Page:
Thirdly, and finally, those destinations that demonstrate widespread tolerance for new ideas and even those that are initially unpopular, appear to have a strong edge over others in terms of long term sustainable development of event tourism programmes.
The Edinburgh Festival Fringe annually attracts of 20,000 performing artists from throughout the world and is responsible for generating the majority of the economic impact derived from Edinburgh’s twelve major festivals.
This, the world’s largest festival of the performing arts, could not exist without the tolerance and in fact, encouragement for new ideas being introduced through the arts annually in one of Europe’s oldest cities.
Talent, technology and tolerance are not the sole purview of public servants rather, they reflect a broader commitment of the entire destination to promote advancement through experimentation.
The Edinburgh Festival Fringe has proven over and over again for 64 years that the nation’s capital is a destination where the natural law of supply (as evidenced through the varied artistic work exhibited) will satisfy demand (with the largest number of tickets sold in history in 2011).
Cities in both developed as well as developing nations, such as South Africa, recognise that these attitudes must be institutionalised through a strong political will and a constant commitment by the citizenery to embrace talent, technology and tolerance as cornerstones for future growth. For example, in Johannesburg, South Africa, in the run up to their hosting of the successful World Cup of 2010, the national government created its successful Tourism, Hospitality Education and Training Authority (THETA) to provide event training and certification programme to help lift citizens out of poverty and into jobs in the event sector ranging from sweepers to managers.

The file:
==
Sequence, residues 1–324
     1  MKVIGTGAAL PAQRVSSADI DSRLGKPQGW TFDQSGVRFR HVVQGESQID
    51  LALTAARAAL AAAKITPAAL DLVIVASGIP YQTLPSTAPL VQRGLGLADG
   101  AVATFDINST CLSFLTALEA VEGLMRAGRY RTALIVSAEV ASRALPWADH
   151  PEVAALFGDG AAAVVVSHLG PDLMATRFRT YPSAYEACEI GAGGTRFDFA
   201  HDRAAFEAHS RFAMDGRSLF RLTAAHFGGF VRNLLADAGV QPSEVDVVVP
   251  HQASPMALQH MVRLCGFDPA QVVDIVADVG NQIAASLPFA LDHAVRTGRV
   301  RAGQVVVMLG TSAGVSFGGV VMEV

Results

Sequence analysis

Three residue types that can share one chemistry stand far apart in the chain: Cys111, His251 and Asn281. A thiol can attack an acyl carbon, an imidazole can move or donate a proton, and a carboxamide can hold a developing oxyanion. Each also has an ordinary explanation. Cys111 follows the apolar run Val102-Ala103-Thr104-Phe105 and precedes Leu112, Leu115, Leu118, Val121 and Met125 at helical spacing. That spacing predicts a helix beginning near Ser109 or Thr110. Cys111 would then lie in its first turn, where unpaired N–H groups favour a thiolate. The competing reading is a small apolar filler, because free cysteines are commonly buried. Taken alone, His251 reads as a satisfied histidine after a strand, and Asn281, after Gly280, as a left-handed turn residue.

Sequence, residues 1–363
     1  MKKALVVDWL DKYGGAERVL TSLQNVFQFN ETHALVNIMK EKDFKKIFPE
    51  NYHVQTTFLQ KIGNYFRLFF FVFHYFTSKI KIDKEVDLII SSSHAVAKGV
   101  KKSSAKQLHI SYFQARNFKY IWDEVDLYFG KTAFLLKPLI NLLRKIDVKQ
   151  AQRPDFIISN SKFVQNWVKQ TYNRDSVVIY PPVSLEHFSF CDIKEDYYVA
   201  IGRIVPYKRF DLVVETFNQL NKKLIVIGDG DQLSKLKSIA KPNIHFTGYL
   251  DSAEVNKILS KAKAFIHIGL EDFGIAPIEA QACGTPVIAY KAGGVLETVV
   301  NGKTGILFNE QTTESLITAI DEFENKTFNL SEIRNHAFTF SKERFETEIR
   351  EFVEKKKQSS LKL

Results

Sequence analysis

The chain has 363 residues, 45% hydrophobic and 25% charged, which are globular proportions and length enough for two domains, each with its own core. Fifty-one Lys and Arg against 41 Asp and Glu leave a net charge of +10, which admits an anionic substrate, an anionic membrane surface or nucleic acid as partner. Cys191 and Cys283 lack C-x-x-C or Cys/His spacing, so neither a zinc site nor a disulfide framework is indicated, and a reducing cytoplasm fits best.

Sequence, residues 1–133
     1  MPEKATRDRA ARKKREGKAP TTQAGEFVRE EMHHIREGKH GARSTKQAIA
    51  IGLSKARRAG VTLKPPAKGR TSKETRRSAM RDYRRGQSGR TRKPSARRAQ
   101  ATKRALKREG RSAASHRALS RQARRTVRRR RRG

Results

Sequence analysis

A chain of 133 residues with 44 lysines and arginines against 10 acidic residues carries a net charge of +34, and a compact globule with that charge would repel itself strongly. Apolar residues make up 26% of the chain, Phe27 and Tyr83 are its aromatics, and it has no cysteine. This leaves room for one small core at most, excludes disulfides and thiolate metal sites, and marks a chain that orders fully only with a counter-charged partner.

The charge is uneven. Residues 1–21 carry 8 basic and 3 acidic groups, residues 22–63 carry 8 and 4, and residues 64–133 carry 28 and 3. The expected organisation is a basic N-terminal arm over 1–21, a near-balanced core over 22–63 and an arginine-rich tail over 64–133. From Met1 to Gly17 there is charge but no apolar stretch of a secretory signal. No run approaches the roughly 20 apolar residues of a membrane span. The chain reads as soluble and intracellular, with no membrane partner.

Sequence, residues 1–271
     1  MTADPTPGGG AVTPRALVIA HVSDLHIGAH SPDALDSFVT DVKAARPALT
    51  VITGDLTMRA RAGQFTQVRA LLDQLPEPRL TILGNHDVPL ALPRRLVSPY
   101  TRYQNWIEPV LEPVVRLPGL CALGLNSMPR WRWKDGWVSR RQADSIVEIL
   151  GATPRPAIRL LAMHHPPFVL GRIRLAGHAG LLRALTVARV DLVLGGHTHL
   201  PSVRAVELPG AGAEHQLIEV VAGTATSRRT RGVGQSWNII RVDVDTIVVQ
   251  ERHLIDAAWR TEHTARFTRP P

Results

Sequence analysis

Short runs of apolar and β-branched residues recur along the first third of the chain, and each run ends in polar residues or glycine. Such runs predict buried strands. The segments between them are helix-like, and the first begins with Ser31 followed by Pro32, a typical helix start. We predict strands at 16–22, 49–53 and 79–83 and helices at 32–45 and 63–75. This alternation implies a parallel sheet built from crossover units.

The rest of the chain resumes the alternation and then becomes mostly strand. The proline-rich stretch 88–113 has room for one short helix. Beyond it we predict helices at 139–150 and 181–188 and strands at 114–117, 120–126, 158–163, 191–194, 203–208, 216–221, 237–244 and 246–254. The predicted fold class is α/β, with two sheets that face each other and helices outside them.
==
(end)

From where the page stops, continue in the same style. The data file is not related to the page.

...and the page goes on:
This institutionalisation of training as a follow on or halo effect from a major event such as the World Cup is essential for the sustainable development of this celebration destination.
Scotland should consider developing a similar programme in the run up to Homecoming Scotland 2014 and The Glasgow 2014 Commonwealth Games to ensure that following these major events, major gains will be made in terms of improving the long term prospects for delivering future events in Scotland through a better trained work force.
In conclusion, we have the recipe for success on our doorstep. The challenge for future political leaders, artistic visionaries and citizens is to achieve the right balance of having an enabling public sector and committed citizenery to “provide a platform for the flowering of the human spirit”. The past sixty-five years have not been without significant challenge for the event makers of Edinburgh, however, by embracing the ideals of the original founders of the Edinburgh festivals, this unscripted enterprise has grown to become a beacon of cultural influence throughout the world.
Through further investment in talent, expansion of innovation through technology and a renewed commitment to tolerance of new ideas, this celebration destination and others may grow from strength to strength.
• Professor Philip Riddle was CEO of VisitScotland, the Scottish national tourism agency and is now a professor at Queen Margaret University specialising in the practical aspects of tourism policy at government level. Professor Joe Goldblatt is head of the International Centre for the Study of Planned Events at Queen Margaret University,